I should note at this point that I don’t remember any other woman in close proximity to me and/or of a similar seniority being pregnant. In other words, there were virtually no role models for how to be pregnant while being a trader at Goldman Sachs. There were, of course, women at the firm who did have children, many of them salespeople, but at the time it was still very much the exception, not the norm.

Greg and I had a lot of talks before we disclosed the news and prior to the announcement of who would be made partner that year. We had a plan for what would happen if he made partner and I didn’t, and vice versa, because financially speaking, it would have made sense to prioritize the career of the one who made it. However, we really didn’t talk about what would happen if we both made partner, because we thought it was such a long shot. And yet that is exactly what happened. We both got that life-changing call.

So there I was, a new Partner at Goldman Sachs, and becoming more and more visibly pregnant in front of row after row after row of predominantly men. Thankfully, it was pretty much business as usual. Except, of course, for the trips to see clients, which went down, and the trips to the bathroom, which went up. Dramatically. In some ways, the pressure was off. I had made partner. But in other ways, the pressure was even more intense, because I wanted to prove that the firm’s faith in me was not misplaced.

I think this is a good time to mention that I was not a cute little baby bump kind of pregnant woman. I was a “Holy smokes! How can you have such a huge belly?!” kind of pregnant woman. I had been a competitive bodybuilder in my youth, stayed in great shape through my 20s despite my crazy work hours, and yet I still gained 60 pounds over the course of the pregnancy. And it wasn’t just about that number. I don’t think we talk enough about what it is really like to grow a baby, even now. Especially what it is like to do so alongside other people, in my case mostly men, in a professional setting. Day after day of feeling what you are feeling, which is often weird and uncomfortable, and having people endlessly comment on it, touch you, make it either the biggest deal or no deal at all, and everything in between. Yes, it takes a lot of physical energy to make a baby. But there’s also the emotional energy you need to ride the ups and downs of doing so while carrying on like business as usual and having sights on a long and successful career. For some, sure, easy peasy. For others, not so much. I was in the not so much end of the spectrum. I have always been one to journal, and my gosh did I have a lot to say back then. I filled random notebooks full of my fears and doubts, while also capturing the firsts. The first time I felt the baby move. The first time he had hiccups, which was, by the way, while I was doing a presentation to a client.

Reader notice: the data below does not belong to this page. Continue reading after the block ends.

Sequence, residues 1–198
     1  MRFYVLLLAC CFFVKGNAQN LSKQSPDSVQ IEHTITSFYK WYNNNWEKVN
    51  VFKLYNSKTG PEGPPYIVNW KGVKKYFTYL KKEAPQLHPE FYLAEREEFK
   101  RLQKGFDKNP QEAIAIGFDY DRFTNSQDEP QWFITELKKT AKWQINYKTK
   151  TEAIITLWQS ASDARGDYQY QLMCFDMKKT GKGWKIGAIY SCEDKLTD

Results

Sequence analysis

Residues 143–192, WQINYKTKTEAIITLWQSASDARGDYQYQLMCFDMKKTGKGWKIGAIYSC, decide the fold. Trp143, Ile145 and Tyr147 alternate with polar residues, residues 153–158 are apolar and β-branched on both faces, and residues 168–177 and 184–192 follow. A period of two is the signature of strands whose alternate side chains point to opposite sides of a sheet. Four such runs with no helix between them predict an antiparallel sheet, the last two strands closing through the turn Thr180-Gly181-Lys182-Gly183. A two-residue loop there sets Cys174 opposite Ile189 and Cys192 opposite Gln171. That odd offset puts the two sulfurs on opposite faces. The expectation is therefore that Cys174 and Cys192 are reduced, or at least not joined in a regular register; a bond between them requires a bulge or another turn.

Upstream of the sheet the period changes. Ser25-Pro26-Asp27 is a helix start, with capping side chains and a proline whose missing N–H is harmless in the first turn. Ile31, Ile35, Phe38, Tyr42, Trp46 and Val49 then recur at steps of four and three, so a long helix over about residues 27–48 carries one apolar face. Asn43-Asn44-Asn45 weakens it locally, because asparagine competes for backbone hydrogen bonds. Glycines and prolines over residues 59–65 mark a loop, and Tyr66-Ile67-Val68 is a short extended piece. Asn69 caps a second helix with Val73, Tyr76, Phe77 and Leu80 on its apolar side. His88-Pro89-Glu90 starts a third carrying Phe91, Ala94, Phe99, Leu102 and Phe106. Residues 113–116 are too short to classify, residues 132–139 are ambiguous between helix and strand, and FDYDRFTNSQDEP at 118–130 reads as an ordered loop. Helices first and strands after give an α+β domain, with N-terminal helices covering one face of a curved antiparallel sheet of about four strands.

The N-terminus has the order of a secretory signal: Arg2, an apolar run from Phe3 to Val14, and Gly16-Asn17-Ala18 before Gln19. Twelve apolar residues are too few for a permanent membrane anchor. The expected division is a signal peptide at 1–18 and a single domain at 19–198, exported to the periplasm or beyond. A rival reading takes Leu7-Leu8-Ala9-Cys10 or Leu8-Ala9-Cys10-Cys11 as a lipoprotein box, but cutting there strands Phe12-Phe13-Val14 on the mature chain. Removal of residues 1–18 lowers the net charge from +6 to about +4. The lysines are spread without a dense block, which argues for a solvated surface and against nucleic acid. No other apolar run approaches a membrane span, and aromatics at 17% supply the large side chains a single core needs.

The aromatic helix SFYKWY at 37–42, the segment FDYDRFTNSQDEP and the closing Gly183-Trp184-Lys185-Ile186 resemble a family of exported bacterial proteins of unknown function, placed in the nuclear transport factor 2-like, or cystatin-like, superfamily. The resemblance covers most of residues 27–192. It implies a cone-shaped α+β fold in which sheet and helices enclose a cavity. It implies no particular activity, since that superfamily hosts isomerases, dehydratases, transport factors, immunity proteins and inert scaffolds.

As the day of my expected delivery drew closer, so did my level of anxiety. Prior to getting pregnant, I barely took a week’s vacation at a time most years, let alone a maternity leave. I was scared. There was no ‘how to’ manual, barely any guidance of any kind from anyone that I can remember. That said, I was so unbelievably supported by the amazing guys on my desk. I was two weeks past due when I finally delivered by emergency c-section, and I worked, or I should say waddled, almost right up to my delivery day. Side note. One of my biggest pet peeves to this day is when people say things like, “Oh, you poor thing. You did not deliver ‘naturally’.” Yes, I was a woman who “failed to progress” and had to have my baby cut out of my stomach while I was strapped down like Jesus on the cross vomiting over my shoulder because I reacted badly to the anesthesia. Think about that language for a moment. Failure to progress. I had a failed natural delivery. It makes my blood boil. But in the end, I delivered my beautiful, big, and healthy child.

Maternity leave ended up being awesome. Minus the whole having to recover from major abdominal surgery while trying to tend to a newborn part of it. My amazing team was doing an incredible job at work, and back then you couldn’t trade from home so it was a real maternity leave. Greg, of course, barely took a day off, as paternity leave was not a thing back then, and likely still isn’t. I loved my time with my child, and I was a newly made Partner of one of the world’s most prestigious investment banks. I still had a lot to prove at work, let alone as a new mom.